It is easy to figure out why the Chinese show a high aptitude for gambling. Chinese people have a long history with gambling, with records showing that gambling was practiced in the first dynasty, some 4,000 years ago, and has been recorded in each dynasty since that time. This can be further evidenced by the fact that some casino games played today originated in China.
China has had it rough as far as becoming the world's number one esports country goes. Back in the 90s, the Chinese viewed video gaming and esports as taboos. Things changed fast, and China is now regarded as a force to reckon with in this realm.
Before 2009, esports were painted in a negative light. These games were often considered obscene, ineffective, and deficient in cultural refinement. In light of this, harsh laws were instituted to protect the young population from the seemingly corrupting industry.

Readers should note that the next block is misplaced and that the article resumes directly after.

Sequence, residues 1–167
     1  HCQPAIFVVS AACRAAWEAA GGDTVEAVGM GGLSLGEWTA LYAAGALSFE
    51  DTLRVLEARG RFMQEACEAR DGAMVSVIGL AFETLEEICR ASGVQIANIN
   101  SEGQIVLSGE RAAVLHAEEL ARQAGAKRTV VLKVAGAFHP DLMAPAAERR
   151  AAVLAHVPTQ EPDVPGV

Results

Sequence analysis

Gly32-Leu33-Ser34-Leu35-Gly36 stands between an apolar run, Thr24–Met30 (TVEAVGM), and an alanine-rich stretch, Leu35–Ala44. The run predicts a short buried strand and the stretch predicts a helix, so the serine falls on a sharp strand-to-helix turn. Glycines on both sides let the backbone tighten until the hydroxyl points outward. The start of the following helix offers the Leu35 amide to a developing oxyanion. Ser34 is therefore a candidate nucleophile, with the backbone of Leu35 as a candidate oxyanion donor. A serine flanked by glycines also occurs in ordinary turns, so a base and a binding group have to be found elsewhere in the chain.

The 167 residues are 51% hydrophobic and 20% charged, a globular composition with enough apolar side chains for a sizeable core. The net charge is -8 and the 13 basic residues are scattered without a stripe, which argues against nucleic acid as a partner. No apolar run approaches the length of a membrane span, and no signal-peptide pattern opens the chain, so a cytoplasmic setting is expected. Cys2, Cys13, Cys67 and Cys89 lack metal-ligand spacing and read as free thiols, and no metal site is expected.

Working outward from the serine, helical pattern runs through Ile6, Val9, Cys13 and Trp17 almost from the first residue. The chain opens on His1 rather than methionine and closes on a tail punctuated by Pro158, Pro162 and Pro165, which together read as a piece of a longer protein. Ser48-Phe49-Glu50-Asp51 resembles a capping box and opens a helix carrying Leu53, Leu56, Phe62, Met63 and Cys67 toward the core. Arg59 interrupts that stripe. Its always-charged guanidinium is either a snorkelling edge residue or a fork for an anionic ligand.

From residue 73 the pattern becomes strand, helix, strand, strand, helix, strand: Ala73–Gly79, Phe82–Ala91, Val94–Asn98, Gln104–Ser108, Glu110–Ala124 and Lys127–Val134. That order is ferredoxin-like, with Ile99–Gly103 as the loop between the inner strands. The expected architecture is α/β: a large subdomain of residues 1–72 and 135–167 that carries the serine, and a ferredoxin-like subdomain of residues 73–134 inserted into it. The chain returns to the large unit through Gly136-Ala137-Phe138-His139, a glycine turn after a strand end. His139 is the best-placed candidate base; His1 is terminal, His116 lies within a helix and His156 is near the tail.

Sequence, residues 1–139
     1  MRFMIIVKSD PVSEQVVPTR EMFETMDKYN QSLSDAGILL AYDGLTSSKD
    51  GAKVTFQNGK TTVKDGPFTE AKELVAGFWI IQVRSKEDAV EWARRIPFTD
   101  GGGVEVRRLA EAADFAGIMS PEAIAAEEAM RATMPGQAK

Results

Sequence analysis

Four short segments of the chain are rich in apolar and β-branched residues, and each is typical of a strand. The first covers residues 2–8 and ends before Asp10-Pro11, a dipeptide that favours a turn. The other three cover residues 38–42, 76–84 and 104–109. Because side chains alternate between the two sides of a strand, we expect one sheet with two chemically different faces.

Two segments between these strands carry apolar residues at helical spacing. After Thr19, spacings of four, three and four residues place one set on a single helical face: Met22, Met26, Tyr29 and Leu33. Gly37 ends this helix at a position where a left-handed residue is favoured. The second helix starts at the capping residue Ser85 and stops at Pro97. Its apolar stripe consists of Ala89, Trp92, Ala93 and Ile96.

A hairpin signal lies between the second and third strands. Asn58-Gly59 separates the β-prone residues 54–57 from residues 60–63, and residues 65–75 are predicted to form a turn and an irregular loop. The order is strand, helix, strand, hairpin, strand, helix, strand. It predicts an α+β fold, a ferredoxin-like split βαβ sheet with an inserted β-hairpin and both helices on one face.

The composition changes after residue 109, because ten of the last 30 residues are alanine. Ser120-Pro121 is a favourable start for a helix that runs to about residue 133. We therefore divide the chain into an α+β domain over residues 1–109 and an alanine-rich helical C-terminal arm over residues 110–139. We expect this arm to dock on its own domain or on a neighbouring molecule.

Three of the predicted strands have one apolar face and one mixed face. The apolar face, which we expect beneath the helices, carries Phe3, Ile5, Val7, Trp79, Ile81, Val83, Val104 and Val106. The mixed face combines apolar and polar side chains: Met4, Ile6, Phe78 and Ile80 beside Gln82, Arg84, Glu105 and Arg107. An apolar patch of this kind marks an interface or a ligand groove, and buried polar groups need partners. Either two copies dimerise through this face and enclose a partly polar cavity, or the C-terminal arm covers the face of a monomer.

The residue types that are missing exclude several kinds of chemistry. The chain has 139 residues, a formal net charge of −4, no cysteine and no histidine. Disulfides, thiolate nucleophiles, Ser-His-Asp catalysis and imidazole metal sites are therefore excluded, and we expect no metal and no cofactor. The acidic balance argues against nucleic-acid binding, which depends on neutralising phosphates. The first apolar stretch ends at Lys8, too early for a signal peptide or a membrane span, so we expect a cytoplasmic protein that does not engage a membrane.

Many video and esports games were outlawed in China, while domestic games attracted all manner of restrictions, including official warnings and fines, which forced developers back to the drawing board. However, the popularization of video games never yielded to these external pressures.
The “Dark Era” in esports vetting
The past decade also saw the professionalization and commercialization of competitive esports. gaming companies, PC hardware vendors, and online streaming platforms are just among the many players in the industry that were quick to grab a share of the esports market. These players were keen to tap into this lucrative market.
As the numbers increased, there were real concerns about the social and health costs of the esports industry. While a few pro players enjoying big amounts of money were at the top of the pyramid, there was a growing concern about the sustainability of these careers. Also, there were increasing cases of internet gaming addiction and a host of other related incidences, including daylight robbery.